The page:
• I’m just guessing this, but with scrollTop() probably the whole view is rerendered and not displayed when it is done rendering, but already before (when there is nothing to see yet).
      I tried this: http://jsfiddle.net/b2xWg/1/ (i know it’s ugly, but at least the background was not there to see – maybe you can try a scroll-animation and see if that works)

      • Tested on a variety of machines. None of them are low-end.

        • iMacs from 2011-2012 x3
        • Macbook Pro 2010 (2.66 Ghz, 8GB RAM, nVida 330m)

        Tested in Chrome 22, Chrome 24.

        I didn’t test in FF or IE, but conceivably could.

        • Did you do some benchmarking or was it visible with the naked eye? I used Chrome on PC, but I did not notice ANY drop in performance there.
          Notebook (no name), 2.0Ghz Dual Core, 2GB RAM, onBoard GPU with 256BM.
          Chrome 22

          in my case this was the application that started acting up on iOS6

          • No, no benchmarking, it was visible to the naked eye. Overlayed elements would flicker for several seconds before deciding they were actually supposed to show. Used a fix similar to what you described above and it instantly fixed it.

  4. I just thought I’d leave a note to let others know that this is NOT the solution when dealing with SVG objects. We have had Highcharts JS in our website for several years, but the display was dramatically off in iOS 6. What it boiled down to was that any manipulations that were defined in the “transform” attribute of an SVG element (which is how Highcharts draws the chart graphics in most browsers) were being ignored on render in the new Webkit.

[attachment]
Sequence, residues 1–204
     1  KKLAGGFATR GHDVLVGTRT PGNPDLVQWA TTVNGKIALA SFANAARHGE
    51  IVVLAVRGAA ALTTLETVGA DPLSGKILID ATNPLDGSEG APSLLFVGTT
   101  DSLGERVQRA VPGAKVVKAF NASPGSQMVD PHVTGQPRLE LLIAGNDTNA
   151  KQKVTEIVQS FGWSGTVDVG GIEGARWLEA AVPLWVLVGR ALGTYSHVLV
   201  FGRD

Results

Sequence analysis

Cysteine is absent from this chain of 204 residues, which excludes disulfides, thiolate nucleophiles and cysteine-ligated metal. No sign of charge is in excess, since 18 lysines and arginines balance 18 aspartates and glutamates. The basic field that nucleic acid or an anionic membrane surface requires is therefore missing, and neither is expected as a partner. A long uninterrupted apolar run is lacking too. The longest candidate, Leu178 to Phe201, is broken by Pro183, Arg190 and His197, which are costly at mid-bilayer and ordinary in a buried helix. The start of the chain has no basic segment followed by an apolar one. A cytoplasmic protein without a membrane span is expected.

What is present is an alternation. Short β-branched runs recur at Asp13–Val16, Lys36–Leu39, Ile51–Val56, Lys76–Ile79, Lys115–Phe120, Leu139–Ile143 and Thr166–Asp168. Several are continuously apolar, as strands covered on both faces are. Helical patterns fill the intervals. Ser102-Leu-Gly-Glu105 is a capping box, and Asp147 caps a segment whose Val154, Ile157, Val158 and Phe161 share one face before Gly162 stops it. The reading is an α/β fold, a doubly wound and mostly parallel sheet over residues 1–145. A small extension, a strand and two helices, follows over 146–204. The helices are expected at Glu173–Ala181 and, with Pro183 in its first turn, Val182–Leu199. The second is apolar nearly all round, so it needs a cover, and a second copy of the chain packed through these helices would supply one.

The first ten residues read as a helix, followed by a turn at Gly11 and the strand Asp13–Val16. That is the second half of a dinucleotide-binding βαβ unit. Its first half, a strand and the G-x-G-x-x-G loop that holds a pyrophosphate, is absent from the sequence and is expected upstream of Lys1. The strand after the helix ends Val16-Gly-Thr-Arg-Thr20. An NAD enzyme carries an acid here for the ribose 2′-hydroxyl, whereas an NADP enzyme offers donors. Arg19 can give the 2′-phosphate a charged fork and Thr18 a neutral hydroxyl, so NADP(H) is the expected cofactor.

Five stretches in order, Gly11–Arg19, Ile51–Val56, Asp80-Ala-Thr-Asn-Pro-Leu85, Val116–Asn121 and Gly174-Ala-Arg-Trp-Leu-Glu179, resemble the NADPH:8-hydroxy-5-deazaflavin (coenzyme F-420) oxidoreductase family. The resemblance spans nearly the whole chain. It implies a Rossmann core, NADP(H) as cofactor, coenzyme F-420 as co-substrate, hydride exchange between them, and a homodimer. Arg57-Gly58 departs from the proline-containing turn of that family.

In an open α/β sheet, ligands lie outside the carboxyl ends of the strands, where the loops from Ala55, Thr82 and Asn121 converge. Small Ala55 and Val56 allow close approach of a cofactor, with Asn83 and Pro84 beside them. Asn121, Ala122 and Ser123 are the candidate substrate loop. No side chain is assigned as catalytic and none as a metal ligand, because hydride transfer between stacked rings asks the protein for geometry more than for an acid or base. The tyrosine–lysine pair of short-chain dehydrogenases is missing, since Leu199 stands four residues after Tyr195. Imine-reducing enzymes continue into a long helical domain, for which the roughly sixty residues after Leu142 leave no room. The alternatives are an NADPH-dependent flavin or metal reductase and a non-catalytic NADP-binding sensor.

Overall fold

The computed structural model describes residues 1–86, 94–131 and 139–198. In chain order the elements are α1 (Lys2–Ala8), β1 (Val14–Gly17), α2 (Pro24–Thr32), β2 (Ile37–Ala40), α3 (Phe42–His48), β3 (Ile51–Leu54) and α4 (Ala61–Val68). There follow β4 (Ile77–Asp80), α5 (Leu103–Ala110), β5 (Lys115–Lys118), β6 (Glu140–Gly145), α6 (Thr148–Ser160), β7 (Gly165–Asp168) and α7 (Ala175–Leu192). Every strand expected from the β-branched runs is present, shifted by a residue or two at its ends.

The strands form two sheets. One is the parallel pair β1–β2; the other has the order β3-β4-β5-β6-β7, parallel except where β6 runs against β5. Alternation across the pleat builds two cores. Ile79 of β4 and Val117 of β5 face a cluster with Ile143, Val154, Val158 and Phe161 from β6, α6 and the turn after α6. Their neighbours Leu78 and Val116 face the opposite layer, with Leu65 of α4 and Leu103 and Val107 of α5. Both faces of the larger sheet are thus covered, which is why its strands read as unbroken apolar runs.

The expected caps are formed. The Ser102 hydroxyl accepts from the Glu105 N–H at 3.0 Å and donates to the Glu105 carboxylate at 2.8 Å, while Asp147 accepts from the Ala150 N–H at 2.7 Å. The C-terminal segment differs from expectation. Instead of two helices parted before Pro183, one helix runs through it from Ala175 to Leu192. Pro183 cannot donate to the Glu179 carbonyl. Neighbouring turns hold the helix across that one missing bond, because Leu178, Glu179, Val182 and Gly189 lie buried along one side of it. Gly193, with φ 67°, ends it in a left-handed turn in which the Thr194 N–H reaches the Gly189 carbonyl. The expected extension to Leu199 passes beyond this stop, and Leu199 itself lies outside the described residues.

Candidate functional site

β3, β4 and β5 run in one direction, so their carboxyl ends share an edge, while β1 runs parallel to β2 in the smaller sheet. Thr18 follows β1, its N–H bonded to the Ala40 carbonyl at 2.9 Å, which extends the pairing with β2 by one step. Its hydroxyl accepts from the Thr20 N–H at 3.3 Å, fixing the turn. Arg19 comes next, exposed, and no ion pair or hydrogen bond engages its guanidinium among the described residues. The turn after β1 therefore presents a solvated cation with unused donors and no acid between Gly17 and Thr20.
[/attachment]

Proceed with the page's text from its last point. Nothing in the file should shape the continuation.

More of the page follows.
What worked for us was removing all the webkit-transform rules for all the elements on the page. It didn’t seem to matter whether the CSS transform rule had anything to do with the SVG transform instruction; any webkit-transform rule applied to an element with the transform attribute caused iOS 6 Webkit to ignore those transform attribute instructions. For example, if you have a rule like “#id * { -webkit-transform: translateZ(0); }” then iOS 6 ignores rotate instruction in “<text transform=”rotate( x y z)”>Text</text>”

    I believe SVG objects are hardware accelerated now by default. Previously, you did need to add the webkit transform rules for hardware acceleration.

    Hopefully, this information will help others having the same problems.

    • Hey, I was looking into this issue, this is not limited to iOS6, and I’m not too sure if this is an “issue” or more an override of an attribute through css:
      First I don’t think it is a very good practice to use the asterisk-selector for something like “transform: translate…;” What I just found out is, that if you use the “-webkit-translate:” property on a SVG-object such as <rect> then you have to at least initialize in CSS all transformations-types that you want to set through the transform-attribute, if you want to rotate the object, you would have to do something like: ‘-webkit-transform: translate…() rotate(1);’
      then rotation will work on the svg-object. I have created a little JSFiddle for that, if you want to check out an example: http://jsfiddle.net/ydU4H/

    • Hi,

      I am having the same issues with highcharts. The charts get rendered properly at times and do not get rendered at other times. It used to work fine with iOS5 but now its causing a lot of issues with iOS6.
      What would be a solution to this?